In fact I needn't have worried. Dieter and Mark, I realized as soon we met in Winnipeg, were good guys all round, and what's always a plus, they were cigar smokers too. Dieter came to the States from West Berlin in the 1960s, and has kept both his German accent and gratefulness to America for its sacrifices in World War II and its policies toward Germany after the war--especially the Berlin Airlift, which he remembers. Mark, who now lives in Wisconsin in nearly the same neck of woods where I grew up, is a fervent Christian, like myself, but is well to the right of me in his political thinking. Still, he's laid back and not one to get hacked off in political discussions.

All in all it was a good time hanging out with these four characters--my father the professional smart ass, Langford, Mark and Dieter--fishing and drinking and smoking on that isolated and pristine Canadian lake. I'd do it again if I had the chance, and maybe even must do it again, as I'm the only one of the four who didn't get a trophy walleye. My father, sitting next to me and fishing in exactly the same way I was, got five trophies in the course of three days, which really is hard to figure. So I was one of the few who left the camp a virgin--not having caught a trophy fish, either walleye or northern pike. Do walleyes maybe have a thing for Republicans?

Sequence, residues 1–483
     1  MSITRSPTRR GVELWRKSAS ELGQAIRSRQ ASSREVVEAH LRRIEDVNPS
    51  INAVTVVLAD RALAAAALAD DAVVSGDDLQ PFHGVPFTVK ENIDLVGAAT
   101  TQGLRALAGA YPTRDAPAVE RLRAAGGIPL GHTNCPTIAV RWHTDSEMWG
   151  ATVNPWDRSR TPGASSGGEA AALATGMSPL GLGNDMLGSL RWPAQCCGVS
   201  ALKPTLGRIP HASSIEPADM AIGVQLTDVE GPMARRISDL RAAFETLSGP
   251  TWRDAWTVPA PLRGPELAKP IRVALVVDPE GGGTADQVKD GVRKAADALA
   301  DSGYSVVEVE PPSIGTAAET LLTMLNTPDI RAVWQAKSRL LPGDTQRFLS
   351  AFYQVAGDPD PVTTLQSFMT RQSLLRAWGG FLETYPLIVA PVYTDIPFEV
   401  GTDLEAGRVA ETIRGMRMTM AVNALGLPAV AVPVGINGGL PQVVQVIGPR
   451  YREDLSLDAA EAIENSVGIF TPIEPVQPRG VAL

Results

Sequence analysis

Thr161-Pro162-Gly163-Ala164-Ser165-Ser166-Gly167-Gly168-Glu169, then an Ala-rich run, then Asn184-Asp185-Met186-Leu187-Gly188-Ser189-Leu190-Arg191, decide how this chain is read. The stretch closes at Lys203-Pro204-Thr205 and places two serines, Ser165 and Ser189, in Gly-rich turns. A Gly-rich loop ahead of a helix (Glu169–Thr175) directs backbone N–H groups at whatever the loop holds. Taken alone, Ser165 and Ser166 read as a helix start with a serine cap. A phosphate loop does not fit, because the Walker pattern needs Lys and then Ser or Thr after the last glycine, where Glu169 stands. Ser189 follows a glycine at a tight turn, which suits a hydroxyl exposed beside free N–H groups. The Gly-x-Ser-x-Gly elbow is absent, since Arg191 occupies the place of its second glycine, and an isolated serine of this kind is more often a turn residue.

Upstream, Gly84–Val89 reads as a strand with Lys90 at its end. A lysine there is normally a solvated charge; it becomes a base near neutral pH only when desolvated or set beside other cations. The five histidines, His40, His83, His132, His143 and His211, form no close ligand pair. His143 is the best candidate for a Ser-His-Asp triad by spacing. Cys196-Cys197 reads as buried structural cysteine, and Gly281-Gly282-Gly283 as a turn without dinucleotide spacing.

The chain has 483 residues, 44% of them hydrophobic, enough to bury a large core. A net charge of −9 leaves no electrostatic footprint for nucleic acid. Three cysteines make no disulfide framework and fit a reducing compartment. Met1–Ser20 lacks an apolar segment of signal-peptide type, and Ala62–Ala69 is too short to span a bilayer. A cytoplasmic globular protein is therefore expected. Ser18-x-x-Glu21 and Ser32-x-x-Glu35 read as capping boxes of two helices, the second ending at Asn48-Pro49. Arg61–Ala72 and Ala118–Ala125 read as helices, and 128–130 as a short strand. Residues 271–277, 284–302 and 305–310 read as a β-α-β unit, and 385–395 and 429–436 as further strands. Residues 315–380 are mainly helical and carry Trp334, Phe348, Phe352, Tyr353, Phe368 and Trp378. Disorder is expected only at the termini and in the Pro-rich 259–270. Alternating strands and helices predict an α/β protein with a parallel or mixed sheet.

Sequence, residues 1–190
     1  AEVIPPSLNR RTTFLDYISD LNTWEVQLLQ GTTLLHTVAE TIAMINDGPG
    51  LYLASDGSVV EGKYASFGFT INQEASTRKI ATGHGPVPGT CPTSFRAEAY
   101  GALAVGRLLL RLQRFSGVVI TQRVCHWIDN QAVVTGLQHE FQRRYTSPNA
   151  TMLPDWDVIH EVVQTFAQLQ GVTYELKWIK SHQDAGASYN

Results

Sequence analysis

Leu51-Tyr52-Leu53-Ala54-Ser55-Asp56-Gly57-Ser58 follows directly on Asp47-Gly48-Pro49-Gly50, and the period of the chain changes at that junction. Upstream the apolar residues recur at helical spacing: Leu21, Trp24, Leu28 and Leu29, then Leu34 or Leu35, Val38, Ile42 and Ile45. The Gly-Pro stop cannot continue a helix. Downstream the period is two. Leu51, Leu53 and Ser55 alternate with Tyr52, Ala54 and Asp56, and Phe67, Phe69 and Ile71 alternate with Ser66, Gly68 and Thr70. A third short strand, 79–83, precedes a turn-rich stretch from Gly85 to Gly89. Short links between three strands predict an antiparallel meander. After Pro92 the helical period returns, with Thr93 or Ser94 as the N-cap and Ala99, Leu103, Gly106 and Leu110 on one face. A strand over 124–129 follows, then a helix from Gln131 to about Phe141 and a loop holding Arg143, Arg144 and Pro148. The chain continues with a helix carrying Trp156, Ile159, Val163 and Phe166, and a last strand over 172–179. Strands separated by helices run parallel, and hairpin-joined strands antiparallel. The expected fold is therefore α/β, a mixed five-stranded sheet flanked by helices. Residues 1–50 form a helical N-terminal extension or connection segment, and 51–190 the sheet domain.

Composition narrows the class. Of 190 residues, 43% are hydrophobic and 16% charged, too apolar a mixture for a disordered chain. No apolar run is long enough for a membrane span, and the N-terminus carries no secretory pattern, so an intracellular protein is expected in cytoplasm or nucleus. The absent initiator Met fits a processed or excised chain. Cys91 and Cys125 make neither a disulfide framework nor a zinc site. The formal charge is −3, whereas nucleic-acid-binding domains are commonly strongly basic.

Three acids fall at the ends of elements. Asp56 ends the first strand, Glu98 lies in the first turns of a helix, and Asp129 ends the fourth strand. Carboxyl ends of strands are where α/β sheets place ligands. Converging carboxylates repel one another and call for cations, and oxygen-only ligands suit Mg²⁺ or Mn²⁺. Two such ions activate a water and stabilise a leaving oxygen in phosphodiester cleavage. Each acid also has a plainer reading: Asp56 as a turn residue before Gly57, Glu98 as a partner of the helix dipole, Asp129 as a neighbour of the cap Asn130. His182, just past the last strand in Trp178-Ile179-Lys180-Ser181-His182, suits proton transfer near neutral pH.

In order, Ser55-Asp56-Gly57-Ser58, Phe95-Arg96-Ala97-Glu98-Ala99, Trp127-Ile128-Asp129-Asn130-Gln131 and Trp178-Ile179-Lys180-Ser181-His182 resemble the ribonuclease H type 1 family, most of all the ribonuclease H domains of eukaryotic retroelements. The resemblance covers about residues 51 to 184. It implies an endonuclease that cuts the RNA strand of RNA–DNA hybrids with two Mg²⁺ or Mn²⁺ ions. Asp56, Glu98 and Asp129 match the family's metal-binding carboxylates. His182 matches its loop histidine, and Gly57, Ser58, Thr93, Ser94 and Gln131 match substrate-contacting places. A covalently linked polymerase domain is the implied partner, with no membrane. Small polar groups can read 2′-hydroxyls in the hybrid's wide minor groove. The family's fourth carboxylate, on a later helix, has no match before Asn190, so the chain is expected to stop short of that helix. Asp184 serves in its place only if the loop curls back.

I'm grateful to my father for setting up this fishing trip. We had a good time all around.

* * * SOME VISUALS * * *

No roads reach Gunisao Lake. One has to fly in.

After landing on the dirt runway.

In the main lodge. Unshaven.

Out on the boat. My father and Langford, our guide.

Walleyes to be cleaned and cooked for shore lunch.

Before shore lunch.

Mark and Dieter.

Esox lucius: a northern pike.

Cleaning the fish.

Cooking shore lunch.

One of my father's five trophy walleyes.

Evening fishing.

The cabins we slept in were overrun with mosquitoes. But they didn't bother me much because they were so much slower and easier to kill than Taiwan's mosquitoes. Coming back from the lake on day two, I decided to give myself ten minutes on the clock to see how many I could kill with my bare hands. Nineteen.

Building a fire in the wood stove. The nights were a bit cold.

My best Bill Murray impersonation.

Birch trees near the lodge.

The main lodge.

My father and I fishing, late 1970s.

1 comment: